|For further information on Orthopaedic Research at SSC please email email@example.com|
Cartilage Repair Centre
|For further information on Cartilage and Knee Orthobiologics Research at SSC please email firstname.lastname@example.org|
|The purpose of the project is to design and implement a phase IIb study to assess the safety and efficacy of autologous (patient-derived) ACSs in the treatment of advanced OA of the knee.|
The cells will be prepared from samples of adipose tissue harvested from patients by lipoaspiration.
Cartilage Regeneration Scaffolds
Clinical Trials are also being developed for the evaluation of novel scaffolds and orthobiologics in patients with symptomatic cartilage injury. This work builds on prior laboratory research at RCSI and Surgacoll and will link laboratory research to clinical care here at Sports Surgery Clinic and Cappagh National Orthopaedic Hospital.
ChondroColl™ is a biomimetic, bioactive layered scaffold for use in the regeneration and repair of osteochondral defects (cartilage repair), such as those which occur due to trauma or osteoarthritis. ChondroColl™ closely matches the structure and composition of osteochondral tissue.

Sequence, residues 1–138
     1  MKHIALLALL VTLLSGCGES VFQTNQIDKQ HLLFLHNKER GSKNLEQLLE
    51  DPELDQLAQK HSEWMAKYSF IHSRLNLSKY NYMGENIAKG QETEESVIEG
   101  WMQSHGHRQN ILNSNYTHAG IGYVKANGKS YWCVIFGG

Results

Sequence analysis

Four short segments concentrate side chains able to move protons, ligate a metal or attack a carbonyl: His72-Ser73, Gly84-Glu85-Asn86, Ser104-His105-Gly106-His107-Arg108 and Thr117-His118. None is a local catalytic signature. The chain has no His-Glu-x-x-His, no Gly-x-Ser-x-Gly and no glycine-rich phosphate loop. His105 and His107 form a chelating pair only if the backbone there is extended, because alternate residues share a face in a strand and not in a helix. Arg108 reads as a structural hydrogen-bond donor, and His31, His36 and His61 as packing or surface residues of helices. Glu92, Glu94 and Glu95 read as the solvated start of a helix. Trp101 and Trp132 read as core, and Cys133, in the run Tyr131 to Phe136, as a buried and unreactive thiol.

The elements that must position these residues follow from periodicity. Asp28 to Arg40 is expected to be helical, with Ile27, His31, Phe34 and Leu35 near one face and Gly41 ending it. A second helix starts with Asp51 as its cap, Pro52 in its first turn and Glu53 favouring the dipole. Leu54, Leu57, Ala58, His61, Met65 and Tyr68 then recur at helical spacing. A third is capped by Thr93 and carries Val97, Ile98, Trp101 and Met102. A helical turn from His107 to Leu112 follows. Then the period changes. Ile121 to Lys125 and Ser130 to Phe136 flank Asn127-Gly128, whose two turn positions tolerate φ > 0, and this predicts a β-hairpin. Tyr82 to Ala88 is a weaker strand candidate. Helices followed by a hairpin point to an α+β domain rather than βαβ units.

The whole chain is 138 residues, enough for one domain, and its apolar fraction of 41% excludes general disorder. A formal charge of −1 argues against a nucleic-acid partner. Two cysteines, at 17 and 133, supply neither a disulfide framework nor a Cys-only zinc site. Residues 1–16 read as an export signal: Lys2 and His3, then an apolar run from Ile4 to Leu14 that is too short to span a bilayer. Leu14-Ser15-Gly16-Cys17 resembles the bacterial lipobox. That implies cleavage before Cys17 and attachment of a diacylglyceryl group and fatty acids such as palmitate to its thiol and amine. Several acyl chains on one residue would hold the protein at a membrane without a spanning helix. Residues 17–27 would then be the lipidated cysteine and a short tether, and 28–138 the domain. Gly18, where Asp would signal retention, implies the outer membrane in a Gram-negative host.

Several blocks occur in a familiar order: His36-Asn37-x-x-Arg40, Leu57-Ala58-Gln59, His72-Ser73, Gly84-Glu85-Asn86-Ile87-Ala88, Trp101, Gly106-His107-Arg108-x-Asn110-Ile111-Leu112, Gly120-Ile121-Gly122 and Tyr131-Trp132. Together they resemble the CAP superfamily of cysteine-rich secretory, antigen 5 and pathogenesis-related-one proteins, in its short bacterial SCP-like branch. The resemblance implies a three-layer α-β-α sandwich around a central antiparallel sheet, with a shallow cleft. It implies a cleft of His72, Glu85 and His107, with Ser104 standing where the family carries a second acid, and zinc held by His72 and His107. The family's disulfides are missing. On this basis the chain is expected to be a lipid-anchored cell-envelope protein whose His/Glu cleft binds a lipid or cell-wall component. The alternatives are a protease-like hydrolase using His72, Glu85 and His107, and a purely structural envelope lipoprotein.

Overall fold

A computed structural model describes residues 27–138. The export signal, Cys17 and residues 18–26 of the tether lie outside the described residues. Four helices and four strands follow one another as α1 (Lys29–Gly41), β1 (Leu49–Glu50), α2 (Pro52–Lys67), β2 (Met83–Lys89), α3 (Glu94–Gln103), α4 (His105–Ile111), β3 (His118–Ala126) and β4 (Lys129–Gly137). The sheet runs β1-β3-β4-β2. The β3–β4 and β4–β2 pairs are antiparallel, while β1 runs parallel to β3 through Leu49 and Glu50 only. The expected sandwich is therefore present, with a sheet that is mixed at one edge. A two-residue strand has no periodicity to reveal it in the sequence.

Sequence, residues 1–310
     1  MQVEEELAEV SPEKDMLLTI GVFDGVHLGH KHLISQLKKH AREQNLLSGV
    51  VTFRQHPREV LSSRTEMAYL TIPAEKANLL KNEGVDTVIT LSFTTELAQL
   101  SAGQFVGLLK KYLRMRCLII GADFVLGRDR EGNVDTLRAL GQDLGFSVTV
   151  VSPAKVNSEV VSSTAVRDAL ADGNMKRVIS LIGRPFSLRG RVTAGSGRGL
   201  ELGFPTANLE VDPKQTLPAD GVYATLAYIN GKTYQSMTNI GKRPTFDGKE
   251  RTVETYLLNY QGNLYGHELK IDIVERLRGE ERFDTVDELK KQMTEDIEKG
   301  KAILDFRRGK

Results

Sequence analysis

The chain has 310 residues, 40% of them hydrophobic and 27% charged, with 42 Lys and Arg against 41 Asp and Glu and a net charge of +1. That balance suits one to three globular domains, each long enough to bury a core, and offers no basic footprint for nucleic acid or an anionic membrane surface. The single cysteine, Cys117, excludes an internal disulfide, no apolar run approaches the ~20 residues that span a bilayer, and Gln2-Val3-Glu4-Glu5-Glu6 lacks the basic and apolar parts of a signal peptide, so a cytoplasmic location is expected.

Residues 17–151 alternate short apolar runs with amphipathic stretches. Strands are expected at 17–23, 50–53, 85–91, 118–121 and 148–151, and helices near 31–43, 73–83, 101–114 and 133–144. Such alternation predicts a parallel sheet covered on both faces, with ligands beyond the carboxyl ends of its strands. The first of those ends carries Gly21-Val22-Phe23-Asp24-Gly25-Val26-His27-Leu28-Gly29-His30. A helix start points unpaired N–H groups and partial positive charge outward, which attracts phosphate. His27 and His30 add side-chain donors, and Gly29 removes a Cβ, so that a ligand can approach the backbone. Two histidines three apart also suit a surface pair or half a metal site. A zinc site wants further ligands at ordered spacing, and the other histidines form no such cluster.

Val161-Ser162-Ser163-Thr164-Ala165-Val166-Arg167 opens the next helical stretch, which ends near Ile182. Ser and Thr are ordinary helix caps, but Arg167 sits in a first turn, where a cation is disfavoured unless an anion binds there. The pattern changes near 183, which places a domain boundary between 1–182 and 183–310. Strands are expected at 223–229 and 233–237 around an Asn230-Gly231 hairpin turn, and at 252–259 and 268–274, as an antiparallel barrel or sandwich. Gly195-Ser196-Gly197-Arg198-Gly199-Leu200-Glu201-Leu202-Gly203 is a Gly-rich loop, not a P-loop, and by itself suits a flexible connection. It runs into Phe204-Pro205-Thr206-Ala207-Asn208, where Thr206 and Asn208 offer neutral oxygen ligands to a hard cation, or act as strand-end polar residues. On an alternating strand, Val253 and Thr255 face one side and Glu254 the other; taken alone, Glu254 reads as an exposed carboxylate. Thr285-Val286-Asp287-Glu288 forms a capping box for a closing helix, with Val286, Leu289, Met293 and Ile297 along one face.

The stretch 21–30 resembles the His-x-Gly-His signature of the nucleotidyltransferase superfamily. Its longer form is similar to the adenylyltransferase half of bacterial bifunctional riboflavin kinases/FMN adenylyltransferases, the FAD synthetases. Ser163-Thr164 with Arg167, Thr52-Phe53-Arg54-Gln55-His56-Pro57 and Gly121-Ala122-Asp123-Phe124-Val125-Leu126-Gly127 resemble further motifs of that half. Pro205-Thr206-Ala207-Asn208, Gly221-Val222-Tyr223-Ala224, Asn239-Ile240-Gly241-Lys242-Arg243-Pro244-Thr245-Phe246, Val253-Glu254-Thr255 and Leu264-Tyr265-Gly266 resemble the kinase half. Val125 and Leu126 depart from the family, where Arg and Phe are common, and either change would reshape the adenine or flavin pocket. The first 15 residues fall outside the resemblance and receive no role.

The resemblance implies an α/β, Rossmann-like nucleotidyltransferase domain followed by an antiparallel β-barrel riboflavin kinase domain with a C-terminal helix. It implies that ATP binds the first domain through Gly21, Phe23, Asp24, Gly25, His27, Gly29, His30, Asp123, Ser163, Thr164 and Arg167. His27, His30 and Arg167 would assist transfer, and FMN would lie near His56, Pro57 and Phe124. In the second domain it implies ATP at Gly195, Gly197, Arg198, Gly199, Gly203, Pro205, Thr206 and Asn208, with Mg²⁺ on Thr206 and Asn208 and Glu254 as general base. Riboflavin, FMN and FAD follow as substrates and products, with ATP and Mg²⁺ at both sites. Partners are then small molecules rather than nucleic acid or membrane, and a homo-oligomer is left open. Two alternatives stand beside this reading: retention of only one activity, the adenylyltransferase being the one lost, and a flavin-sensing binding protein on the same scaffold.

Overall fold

|For further information on Clinical Trials at SSC please email email@example.com|
Hurling is Ireland’s national sport and is among the top 4 sports for competitive participation in the country. Hurling is a sport rooted in Irish history and has been a distinct Irish pastime for at least 2000 years.
Though hurling holds the third highest attendance rate for sporting events in Ireland, little is known on the specific biomechanics unique to the hurling athlete. Much less the movement mechanics specific to the sport which typically characterize end stage rehabilitation programs or performance conditioning. Moreover, documented scientific analysis of such biomechanics may further enhance long-term athlete development within the sport. 3D motion analysis techniques have the potential to provide this insight.
The Sports Surgery Clinic, with the aid of its new state of the art 3D biomechanics assessment laboratory, is pioneering research in the athletic performance of hurlers. Initial research is underway focusing on the upper body movement involved in two of the most common hurling strikes in the game, a strike on the run and the free strike. This is aimed at establishing movement mechanics of the upper body joints in elite level inter-county hurlers.
Given that shoulder injuries are the most common non-traumatic upper body joint injury in hurling, 6.7% of whole body injuries, this research establishes the range of movement needed in each upper body joint for effective return to play. This analysis discerns the dominant joints for movement during the different hurling strikes. From an athletic development standpoint, is establishes the unique striking technique necessary for elite level hurling performance.